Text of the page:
How to use anecdotes as evidence

Sometimes the best way to answer a question isn't to list a bunch of numbers and facts—it’s to tell a story.

As human beings, we are wired to listen to stories and learn from them. That’s why a good novel, manga, movie or TV show can hold our attention longer than most meetings. It’s also why nearly all TED talks start with an anecdote.

Take a moment and think about how would you would answer the question below:

Who has had a major influence on you and how?

Many students will simply make a claim and then describe it. They might describe the person, as kind, intelligent, caring, passionate or something like that, and then rely on the listener to take their word for it

There is a common saying in storytelling: show, don't tell. It means to give examples, not just describe it. If I say, "He's a good person", it can be tough to understand what "good" really means. It's also not memorable. But if I say, "He's a good person. One winter, he saw a homeless man shivering, so he took off his coat and gave it to the man!" that is showing. That's memorable. 

So, the most effective way to get your point across for many questions is to use an anecdote. This way, you paint a picture for the listener—you show, not tell.

Let’s take a look at that question again:

Who has had a major influence on you and how?

    Who's had a major influence on me? Well... I did a homestay in Thailand back in high school, and my host father, Richard, was definitely a huge influence. He had a lot of great qualities, but the thing that stood out was that he was a genuinely good person.
    I remember this one time, we had all finished eating dinner, and he asked me and my homestay “sister” to clear the table. Then he rushed to the kitchen and said, "Come on, girls. Hurry. Before Anong [our maid] catches me doing the dishes."
    We were confused. He’d been working all day, and he was paying Anong to do the housework. So I was like, "Why do you want to do them?" 
    He looked back at me without a trace of smugness or self-righteousness and said, "Well, if I went into work tomorrow and saw that half my work was done for me, I'd be happy."
    That was a life-changing moment for me.
    That summer, I stayed at my aunt's place for two months, and she was amazed at my transformation. While before she had seen me as entitled, whiny and self-centered, during this visit I offered to help her whenever I could and thought about things from other people’s perspectives, not just mine. I started making good friends very easily, and one of my old friends from junior high told me that it was like I was a new person, and she really liked the new me.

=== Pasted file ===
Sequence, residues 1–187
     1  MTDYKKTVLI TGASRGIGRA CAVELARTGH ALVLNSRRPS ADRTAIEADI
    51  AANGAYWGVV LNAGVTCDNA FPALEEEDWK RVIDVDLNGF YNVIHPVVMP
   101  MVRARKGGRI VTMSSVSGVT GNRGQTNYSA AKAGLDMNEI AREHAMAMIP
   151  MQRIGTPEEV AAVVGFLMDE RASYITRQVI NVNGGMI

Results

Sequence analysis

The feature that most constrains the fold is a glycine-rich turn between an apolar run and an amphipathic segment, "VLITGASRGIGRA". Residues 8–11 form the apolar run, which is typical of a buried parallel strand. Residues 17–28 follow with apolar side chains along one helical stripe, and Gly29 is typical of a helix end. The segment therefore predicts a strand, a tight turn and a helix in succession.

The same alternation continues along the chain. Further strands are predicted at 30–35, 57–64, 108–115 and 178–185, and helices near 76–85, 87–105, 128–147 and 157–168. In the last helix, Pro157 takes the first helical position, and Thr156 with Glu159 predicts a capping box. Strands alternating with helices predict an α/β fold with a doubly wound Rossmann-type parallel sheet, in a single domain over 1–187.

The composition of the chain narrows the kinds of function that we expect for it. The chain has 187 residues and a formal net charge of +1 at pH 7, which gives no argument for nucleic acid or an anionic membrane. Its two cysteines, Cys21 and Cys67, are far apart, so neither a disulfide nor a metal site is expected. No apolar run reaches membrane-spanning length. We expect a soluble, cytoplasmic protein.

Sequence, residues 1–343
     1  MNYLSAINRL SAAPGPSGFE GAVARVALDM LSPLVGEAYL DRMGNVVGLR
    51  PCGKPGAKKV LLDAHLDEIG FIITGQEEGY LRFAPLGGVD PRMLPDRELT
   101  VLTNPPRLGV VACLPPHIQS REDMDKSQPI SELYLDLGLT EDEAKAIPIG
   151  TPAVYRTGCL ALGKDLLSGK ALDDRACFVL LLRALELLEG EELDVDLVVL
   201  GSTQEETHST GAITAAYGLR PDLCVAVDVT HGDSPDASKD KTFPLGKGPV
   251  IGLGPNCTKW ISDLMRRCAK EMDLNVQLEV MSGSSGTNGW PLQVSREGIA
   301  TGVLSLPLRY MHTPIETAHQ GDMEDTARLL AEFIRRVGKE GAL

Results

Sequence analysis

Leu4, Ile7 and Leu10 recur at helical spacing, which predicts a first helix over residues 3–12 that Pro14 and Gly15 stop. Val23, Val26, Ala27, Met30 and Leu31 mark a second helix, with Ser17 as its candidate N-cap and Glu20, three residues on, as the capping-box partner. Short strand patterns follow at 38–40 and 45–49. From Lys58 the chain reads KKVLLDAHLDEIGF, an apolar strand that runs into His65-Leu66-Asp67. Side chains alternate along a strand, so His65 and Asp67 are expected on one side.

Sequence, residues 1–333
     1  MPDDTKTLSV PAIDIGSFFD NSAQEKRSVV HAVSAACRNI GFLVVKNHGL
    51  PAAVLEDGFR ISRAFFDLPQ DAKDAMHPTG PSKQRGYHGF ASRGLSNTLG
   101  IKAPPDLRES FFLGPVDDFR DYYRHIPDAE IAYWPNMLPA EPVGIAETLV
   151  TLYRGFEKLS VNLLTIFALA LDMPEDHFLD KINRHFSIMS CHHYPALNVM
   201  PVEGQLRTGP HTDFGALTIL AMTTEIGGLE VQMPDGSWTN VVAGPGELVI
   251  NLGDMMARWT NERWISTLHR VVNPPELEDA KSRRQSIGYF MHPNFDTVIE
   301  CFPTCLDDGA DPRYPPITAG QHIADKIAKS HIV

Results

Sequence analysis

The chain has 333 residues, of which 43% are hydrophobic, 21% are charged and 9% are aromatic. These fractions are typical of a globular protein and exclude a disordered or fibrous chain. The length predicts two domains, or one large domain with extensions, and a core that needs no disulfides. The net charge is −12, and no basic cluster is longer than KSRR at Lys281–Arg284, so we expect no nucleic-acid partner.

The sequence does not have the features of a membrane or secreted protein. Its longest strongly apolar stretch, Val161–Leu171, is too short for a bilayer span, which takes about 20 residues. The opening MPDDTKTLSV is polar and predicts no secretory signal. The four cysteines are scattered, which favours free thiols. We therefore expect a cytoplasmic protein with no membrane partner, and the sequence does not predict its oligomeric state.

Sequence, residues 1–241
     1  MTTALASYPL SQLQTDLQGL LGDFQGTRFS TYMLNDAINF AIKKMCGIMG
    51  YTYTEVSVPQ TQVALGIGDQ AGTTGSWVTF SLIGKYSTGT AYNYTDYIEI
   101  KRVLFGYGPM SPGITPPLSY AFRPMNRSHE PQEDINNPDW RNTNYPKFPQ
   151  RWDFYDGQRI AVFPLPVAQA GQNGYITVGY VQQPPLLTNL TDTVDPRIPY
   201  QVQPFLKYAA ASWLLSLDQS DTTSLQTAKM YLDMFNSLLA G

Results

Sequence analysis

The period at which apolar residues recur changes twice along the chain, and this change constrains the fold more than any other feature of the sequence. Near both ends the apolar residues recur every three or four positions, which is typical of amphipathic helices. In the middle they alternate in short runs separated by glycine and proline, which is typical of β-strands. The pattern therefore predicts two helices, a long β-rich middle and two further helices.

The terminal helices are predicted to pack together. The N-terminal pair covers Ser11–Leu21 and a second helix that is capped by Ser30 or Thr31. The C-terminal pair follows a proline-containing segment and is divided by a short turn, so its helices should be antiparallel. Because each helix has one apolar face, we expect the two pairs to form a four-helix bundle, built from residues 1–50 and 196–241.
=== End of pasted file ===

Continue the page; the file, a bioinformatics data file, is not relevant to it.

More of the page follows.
So... if I had to choose one person who had a huge influence on me, I'd choose Richard.

That's a strong anecdote. It has specific people doing actions for a clear reason.

It may seem like a daunting task to learn how to tell a story, but just remember these two things:

  1. You don't have to memorize the whole story—in fact, please don't as it will sound unnatural. Just remember the outline and a few words or phrases you'd like to use. It's kind of like Hitoshi Matsumoto's "すべらない話" (Suberanai Hanashi) where famous comedians get together and tell funny stories about their lives. Those comedians probably have a few stories they've crafted so they can tell them well.
  2. Once you're able to tell one anecdote, you can tell it over and over again in different ways in different settings to help you connect with people.

So think of a memory you really love, and in your next lesson try telling the story to your teacher. I promise they will learn more about you than if you simply gave them descriptions.

wired to [verb]—automatically thinking or behaving in a particular way.
anecdote [noun]—a very short story that can be about you or just be a story you know.
take someone’s word for it [idiomatic phrase]—believe what someone says or writes without checking for oneself.